A key concept in COM+ is interception, which is found in the runtime. Interceptors -- actually a form of attribute-based programming -- allow for automatic behavior via runtime extensions. Different interceptors are required for different services, such as transactional objects, for example. Extensible services provided in the COM+ environment include support for transactions, server infrastructure, administration and security. COM+, in effect, is designed to build on the core COM environment while providing a backbone to Microsoft's DNA and extending the Component Services Model. However, developers should be aware that interception interfaces will not be exposed until the 1999 timeframe. The first iteration of COM+ is scheduled to be released very shortly.

Dave Reed, general manager, COM technologies at Microsoft, recently gave a conference audience a preview of things to come. Over the next several months the COM platform will provide queued request services, loosely coupled event services and load balancing -- all critical features for Microsoft to play successfully in the mission-critical world. The event services, for example, will use a dynamic publish/ subscribe methodology that will look syntactically like calling a method on COM.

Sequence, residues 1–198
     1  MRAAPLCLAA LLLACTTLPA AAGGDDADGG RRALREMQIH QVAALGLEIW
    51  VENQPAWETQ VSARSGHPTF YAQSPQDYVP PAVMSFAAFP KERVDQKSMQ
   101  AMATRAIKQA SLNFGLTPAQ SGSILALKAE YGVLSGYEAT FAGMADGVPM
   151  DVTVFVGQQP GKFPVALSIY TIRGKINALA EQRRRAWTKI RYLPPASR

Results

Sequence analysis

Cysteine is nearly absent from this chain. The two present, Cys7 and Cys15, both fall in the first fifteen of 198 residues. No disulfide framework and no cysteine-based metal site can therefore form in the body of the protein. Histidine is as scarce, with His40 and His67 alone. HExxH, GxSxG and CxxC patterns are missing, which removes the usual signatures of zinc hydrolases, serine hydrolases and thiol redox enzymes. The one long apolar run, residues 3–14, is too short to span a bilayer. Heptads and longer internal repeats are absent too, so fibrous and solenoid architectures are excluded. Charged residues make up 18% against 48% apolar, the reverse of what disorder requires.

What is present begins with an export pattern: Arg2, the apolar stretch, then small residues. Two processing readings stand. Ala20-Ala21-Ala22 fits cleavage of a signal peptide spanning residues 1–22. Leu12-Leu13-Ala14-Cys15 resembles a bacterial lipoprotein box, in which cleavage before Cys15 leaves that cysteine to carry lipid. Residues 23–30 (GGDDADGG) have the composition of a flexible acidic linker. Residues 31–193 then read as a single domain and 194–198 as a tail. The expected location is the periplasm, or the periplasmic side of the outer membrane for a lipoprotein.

In answer to users' concerns about vendor lock-in, Reed pointed out that Microsoft will directly license and support COM on non-Microsoft systems. He was also happy to provide a list of systems integrators that will support COM on Unix. Included on the list were Andersen Consulting, KPMG, EDS and Vanstar. SGI currently licenses COM across its systems, as does Digital (recently purchased by Compaq), Hewlett-Packard and Siemens-Nixdorf. But will these kinds of overtures help convince users that Microsoft is not the Evil Proprietary Empire? Time will tell.